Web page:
Fast and Furious 7
Starring: Vin Diesel, Paul Walker, Dwayne Johnson, Michelle Rodriguez, Kurt Russell, Jason StathamJordana Brewster, Tyrese Gibson, Chris "Ludacris" Bridges, Elsa Pataky
With the tragic death in 2013 of charismatic cast member Paul Walker, the latest instalment in the hugely-successful gear-grinding franchise comes well-oiled with added poignancy.
That’s hardly a word you’d associate with a billion-dollar action series built on a luxury car fetish, speed, and comic book cliché but director Wan, who gets behind the F&F wheel for the first time, knows full well that Walker’s passing is a moment of genuine sorrow for die-hard fans of the series . . .
Starring: Mae Whitman, Robbie Amell, Bella Thorne
For those of you, like me, that had never heard the term "DUFF" before, it stands for the designated ugly fat friend and is usually applied to the least physically attractive member of a friend group. Delightful huh?
The DUFF's job is to be the approachable one that guys can probe for information about their hotter friends – whether they're seeing someone, if they'd go out with them etc – and also to make their friends look even better by comparison.
This film centres on Bianca (Whitman – who is neither fat nor ugly), a DUFF who doesn't know she is a DUFF until her next-door neighbour/captain of the high school football team Wesley (Amell) breaks the news to her at a party. Bianca is obviously hurt...
The Water Diviner
Starring: Russell Crowe, Olga Kurylenko, Yilmaz Erdogan, Cem Yilmaz, Jai Courtney
As Russell Crowe's friend, mentor and five-time director Ridley Scott has said, the key to staying fresh is to do what you haven't done before. And so, like many an acting Oscar winner before him, Crowe has gone behind the lens to make his feature directorial debut. It shouldn't be a one-off - he does more things right than wrong with The Water Diviner . . .
Stiller and Watts
Age and experience versus wide-eyed youth, digital versus analogue, and self-doubt and prevarication versus boundless energy and just, y’know, doing it. These are some of the themes in Noah Baumbach enjoyable inter-generational comedy set in Brooklyn.
It’s a New York borough where settled forty-somethings and hipsters live cheek to jowl but operate in totally different spheres, a place where bearded young men and bohemian young women listen to cheesy vinyl, hold block parties, and possibly knit their own breakfast cereal. Actually, in this case they make their own ice cream . . .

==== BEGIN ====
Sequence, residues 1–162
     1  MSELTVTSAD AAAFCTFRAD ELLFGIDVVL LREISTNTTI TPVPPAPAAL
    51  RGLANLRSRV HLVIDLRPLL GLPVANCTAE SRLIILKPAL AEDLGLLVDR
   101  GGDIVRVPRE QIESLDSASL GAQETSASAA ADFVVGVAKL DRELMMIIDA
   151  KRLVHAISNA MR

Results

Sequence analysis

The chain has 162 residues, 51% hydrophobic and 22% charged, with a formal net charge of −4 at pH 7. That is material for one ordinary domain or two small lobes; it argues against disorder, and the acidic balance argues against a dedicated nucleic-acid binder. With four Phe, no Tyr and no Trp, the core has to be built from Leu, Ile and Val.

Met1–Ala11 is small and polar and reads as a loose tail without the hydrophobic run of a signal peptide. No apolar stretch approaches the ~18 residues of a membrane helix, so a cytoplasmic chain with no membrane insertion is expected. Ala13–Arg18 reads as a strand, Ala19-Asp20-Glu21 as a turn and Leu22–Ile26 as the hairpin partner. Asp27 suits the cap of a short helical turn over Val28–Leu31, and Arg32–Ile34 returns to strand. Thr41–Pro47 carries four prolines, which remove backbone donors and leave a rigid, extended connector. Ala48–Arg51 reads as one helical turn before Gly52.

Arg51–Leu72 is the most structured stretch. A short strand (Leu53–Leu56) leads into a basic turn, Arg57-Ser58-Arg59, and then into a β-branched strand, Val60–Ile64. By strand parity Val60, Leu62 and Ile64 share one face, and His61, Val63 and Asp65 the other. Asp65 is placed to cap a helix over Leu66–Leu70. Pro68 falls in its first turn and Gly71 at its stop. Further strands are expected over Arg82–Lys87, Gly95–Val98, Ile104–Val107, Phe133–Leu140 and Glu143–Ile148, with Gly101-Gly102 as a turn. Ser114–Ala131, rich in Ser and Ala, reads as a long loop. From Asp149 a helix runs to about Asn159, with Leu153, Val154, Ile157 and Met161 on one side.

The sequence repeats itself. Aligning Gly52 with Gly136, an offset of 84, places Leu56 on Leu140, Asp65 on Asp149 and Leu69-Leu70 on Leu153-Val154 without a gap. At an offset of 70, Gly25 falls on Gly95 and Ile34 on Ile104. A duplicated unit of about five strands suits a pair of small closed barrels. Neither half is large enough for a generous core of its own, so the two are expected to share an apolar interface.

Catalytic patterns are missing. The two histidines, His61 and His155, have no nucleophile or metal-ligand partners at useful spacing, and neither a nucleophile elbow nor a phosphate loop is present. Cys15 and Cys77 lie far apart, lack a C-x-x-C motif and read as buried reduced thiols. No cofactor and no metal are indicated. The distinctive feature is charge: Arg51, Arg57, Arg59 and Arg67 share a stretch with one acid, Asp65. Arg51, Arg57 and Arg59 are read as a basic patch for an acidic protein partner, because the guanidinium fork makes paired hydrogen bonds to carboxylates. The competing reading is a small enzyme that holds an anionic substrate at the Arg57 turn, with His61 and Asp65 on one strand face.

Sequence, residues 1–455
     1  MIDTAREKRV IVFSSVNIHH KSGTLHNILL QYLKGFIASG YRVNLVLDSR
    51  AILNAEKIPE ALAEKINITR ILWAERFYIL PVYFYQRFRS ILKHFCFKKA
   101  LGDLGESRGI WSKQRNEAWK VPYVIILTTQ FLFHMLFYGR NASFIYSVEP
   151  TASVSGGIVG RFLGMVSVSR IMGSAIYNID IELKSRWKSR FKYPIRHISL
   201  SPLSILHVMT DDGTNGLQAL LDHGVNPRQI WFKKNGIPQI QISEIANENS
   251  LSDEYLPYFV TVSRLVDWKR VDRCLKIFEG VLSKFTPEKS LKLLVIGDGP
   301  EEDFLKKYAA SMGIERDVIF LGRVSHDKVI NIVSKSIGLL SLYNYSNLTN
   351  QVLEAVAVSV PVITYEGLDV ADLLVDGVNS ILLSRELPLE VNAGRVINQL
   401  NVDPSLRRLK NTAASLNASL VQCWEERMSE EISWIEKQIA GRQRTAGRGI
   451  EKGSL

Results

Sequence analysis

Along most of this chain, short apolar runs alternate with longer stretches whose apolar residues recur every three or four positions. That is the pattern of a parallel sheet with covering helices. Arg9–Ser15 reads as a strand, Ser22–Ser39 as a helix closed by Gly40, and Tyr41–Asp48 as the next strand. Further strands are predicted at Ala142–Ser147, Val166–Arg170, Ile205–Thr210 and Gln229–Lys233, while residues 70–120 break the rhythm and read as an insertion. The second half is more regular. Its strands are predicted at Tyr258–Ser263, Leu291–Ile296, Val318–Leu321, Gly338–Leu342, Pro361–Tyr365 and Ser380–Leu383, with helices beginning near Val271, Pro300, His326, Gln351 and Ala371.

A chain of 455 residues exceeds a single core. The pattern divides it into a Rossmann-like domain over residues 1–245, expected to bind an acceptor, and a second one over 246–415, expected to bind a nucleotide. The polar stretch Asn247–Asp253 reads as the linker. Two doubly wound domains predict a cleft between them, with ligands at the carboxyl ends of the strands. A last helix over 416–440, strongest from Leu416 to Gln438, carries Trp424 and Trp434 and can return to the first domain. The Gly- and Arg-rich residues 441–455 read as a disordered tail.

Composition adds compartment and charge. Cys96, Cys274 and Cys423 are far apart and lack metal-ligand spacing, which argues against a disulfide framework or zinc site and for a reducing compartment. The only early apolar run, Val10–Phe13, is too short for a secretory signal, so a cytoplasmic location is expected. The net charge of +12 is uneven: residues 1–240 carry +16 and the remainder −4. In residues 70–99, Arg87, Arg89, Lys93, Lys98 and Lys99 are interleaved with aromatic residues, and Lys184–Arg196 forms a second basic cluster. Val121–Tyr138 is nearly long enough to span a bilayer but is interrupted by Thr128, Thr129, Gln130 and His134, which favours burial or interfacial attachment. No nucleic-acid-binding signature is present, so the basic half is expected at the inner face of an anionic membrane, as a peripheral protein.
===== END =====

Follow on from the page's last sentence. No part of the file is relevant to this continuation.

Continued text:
I Used To Live Here
Starring: Jordanne Jones, Dafhyd Flynn, James Kelly, Ross Geraghty
This month sees the release of two must-see, Tallaght-set films. On April 17, the Gerard Barrett-directed Glassland opens, with Frank Berry's (Ballymun Lullaby) I Used to Live Here in cinemas from April 3. Barrett's film focuses on the mother-son relationship, while in Berry's it's a father and daughter's. Both use their stories to explore two of society's biggest issues: in Glassland it's addiction, in I Used to Live Here it's suicide.
Amy (Jones) is a 13-year-old struggling with the passing of her mother three years earlier. She has become an adult before her time, with her father Raymond (Kelly) delegating the domestic responsibilities to her. Their bond is strong, but real communication and empathy have become lost in the fog that comes with the stresses and strains of the everyday . . .
Starring: Lily James, Richard Madden, Cate Blanchett, Helena Bonham Carter, Holliday Grainger, Sophie McShera, Ben Chaplin, Hayley Atwell, Derek Jacobi, Stellan Skarsgård
One of the most acclaimed Shakespearean actors and directors of our time, Kenneth Branagh may seem like an unlikely candidate to put a new spin on the much-loved rags-to-riches tale, but he manages to do a bibbidi-bobbidi-brilliant job of it!
Starring: Will Ferrell, Kevin Hart, Tip 'TI' Harris, Alison Brie, Craig T Nelson
Will Ferrell plays hapless financier James King who is sentenced to ten years in San Quentin's notorious prison following insider trading at the company headed by the man who was to have been his future father-in-law. Now King has lost his job, his fiancée - the boss' daughter - and there are just 30 days until he is put away in chokey.
Fortunately he meets a young black man, Darnell Lewis (Kevin Hart), who spots an easy way to make a handsome few bucks. Ferrell's gormless character falls for Darnell's spiel that he has done time in prison and is thus in a position to show him how to defend himself from constant rape and violence. That would be from, ahem, the largely Hispanic and black prisoners incarcerated at San Quentin . . .